62. Memorandum From the Counselor of the Department of State (Sonnenfeldt) to Secretary of State Kissinger1

Your Moscow Talks

This almost certainly is a time of considerable uncertainty in Moscow.

—There are probably arguments that now, with the change of Presidents, it is time to revitalize Soviet-American relations.

—But a Soviet leader could also argue that prudence dictates a strategy of procrastination—at least until the outlook for the Ford Administration’s survival is clear and the impact of the “crisis of capitalism” is clearer.

As best as we can judge from all the evidence the decision, if there is one, is to proceed with the atmospherics of détente, but to reserve on the substance. In other words, Brezhnev probably has no urgent incentive to make the concession now that he withheld at the last summit, or that he can offer later.

Thus, a major, and perhaps insurmountable, problem is how to create an incentive for the Soviets to move.

—Since they are guaranteed a summit—which is probably all Brezhnev needs to justify his past record—we have no particular leverage, except the leverage inherent in each issue.

—Unfortunately, even linking Soviet desires, on CSCE and economic credits for example, may not be too effective, because events are probably moving their way in any case:

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CSCE seems destined to finish next spring, unless we actively work against it;

—Soviet dependence on credits may be lessened by the substantial increase in hard currency earnings they have made from oil prices.

If, in fact, your leverage is not strong, then your first decision is whether and to what extent you want to turn the SALT talks into confrontation, by insisting and pressing for a breakthrough. Alternatively, if we allow SALT to slide, there is the risk that the meeting will be regarded as a “failure”, and the divisions in Washington will then be aggravated by a debate over Soviet intentions. Moreover, there is no guarantee our bargaining position will improve.

You do have some cards to play, the principal one being Brezhnev’s own identification and involvement with the policy. He can not deliberately want to see a deterioration. He must at least hedge against it by continuing to play up the external signs of good relations. This suggests that you should bear down on the need to produce substantive progress by the time of the meeting in Vladivostok, which, in essence, means at least a May 20th type SALT agreement.2

A more delicate aspect is whether you wish to attach your own position to the outcome—whether you want to warn that failure to make progress in SALT will feed your critics. This could have an impact but also could be dangerous: you cannot know whether Brezhnev might prefer a weaker American administration, or whether he thinks you may be leaving in any case.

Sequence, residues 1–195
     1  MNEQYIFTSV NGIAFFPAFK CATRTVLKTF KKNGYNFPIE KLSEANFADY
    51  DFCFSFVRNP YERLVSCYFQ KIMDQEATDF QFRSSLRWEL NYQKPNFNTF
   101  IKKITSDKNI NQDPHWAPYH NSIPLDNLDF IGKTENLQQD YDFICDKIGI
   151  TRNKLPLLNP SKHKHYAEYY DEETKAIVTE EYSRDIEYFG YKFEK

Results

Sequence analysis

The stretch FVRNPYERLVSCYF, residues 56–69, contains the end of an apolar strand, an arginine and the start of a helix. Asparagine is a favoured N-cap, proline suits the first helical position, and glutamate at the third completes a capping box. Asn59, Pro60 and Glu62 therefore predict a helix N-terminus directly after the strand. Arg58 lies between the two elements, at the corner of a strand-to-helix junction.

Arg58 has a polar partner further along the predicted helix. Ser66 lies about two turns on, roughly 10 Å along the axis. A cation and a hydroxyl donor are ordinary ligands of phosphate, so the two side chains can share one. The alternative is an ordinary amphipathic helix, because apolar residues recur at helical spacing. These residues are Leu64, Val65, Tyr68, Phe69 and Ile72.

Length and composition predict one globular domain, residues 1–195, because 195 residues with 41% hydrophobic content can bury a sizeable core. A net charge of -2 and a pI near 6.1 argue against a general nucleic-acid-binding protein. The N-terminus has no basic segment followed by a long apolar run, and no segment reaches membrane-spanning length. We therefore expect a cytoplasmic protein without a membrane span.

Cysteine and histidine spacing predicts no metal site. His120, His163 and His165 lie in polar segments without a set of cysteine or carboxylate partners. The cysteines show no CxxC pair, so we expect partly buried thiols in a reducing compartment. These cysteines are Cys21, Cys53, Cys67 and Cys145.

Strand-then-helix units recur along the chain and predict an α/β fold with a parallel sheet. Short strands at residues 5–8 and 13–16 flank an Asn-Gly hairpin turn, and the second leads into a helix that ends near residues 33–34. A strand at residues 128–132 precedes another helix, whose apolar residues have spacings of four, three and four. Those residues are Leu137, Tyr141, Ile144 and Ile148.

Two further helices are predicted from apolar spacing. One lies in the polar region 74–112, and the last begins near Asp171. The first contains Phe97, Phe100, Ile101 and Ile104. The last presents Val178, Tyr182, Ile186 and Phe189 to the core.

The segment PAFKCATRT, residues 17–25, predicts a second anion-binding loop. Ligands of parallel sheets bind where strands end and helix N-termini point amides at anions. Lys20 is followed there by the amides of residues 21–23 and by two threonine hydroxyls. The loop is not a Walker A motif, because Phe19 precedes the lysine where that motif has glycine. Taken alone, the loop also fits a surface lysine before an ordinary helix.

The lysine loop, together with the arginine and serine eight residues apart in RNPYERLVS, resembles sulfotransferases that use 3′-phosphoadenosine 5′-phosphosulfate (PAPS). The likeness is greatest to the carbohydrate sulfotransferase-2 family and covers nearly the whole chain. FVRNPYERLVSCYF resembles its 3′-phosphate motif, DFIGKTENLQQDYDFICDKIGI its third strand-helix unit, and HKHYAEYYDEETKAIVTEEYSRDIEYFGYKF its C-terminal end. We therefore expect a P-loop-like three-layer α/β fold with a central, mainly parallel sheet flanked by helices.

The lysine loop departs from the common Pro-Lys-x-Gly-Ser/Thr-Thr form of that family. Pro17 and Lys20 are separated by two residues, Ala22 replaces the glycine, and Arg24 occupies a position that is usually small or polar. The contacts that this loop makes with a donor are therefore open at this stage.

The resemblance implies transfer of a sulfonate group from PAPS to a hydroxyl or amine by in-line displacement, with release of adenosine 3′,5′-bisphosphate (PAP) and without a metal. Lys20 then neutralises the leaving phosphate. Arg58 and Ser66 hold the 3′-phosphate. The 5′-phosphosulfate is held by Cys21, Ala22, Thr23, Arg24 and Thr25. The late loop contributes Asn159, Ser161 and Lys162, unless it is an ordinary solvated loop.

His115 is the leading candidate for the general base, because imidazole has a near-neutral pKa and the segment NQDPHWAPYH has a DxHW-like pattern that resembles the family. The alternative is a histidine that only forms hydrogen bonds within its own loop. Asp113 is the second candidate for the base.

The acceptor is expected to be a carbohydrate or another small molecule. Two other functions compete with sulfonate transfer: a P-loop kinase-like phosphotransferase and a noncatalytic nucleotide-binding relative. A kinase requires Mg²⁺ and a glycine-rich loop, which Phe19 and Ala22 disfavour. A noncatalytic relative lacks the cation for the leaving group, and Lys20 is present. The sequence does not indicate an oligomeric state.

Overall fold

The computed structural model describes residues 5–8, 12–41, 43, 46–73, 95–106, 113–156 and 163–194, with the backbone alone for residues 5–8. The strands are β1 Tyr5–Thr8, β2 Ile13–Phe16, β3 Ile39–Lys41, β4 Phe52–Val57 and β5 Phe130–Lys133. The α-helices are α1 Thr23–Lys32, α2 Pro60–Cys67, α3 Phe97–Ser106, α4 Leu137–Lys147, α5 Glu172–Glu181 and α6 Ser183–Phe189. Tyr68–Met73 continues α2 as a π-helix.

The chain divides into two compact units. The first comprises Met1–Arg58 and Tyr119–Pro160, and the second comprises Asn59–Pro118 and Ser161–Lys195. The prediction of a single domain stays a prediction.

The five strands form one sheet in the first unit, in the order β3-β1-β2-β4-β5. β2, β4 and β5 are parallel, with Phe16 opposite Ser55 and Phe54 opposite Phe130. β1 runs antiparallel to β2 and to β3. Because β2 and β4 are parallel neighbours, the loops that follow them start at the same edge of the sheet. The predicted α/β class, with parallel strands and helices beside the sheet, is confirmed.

In sum, you probably have no choice but to press for substantive progress—particularly in SALT and to a lesser extent on MBFR—and the TTB—since we might as well find out now whether Brezhnev is executing a gradual turn in policy. What follows, therefore, presumes you will press your view on SALT, and suggest some linkage among issues, and play on the importance of making the first FordBrezhnev summit more than a get-acquainted session.


Though we have a feeling that Brezhnev will stonewall, the evidence from the Geneva talks does not confirm this. Indeed, one could conclude that there is a new Soviet NSDM, and that it represents some softening of positions. Naturally, it is a position very favorable to Moscow, but allowing for the normal bargaining fat built into all Soviet positions, one could conclude that we are at least in the same ball park: they agree on ceilings and on some reductions, they agree on numerical [Page 172] MIRV limits in percentages, they want “restraint” in deployments. On the other hand, they propose to perpetuate the Interim Agreement numbers, count FBS, count some bomber armaments as interchangeable with MIRVs, minimize reductions, dismiss throw weight, and eliminate “new” modern submarines and bombers.

The question is whether the present position is partly for show in Geneva, or represents the Politburo—in the latter case, Brezhnev may be frozen into a very unacceptable position.

Your main tactical problem is whether and when to play some of the concessions, primarily Holy Loch, Rota, and Option III in MBFR.3

The other problem is how you might respond to a tentative offer along the lines of “offsetting asymmetries”, if it should emerge from the bargaining.

As you are well aware, you can expect one session in which Brezhnev will counterattack against your proposal, and another session to see if we have softened, and probably a final round to see if there is enough agreement to proceed à la May 20.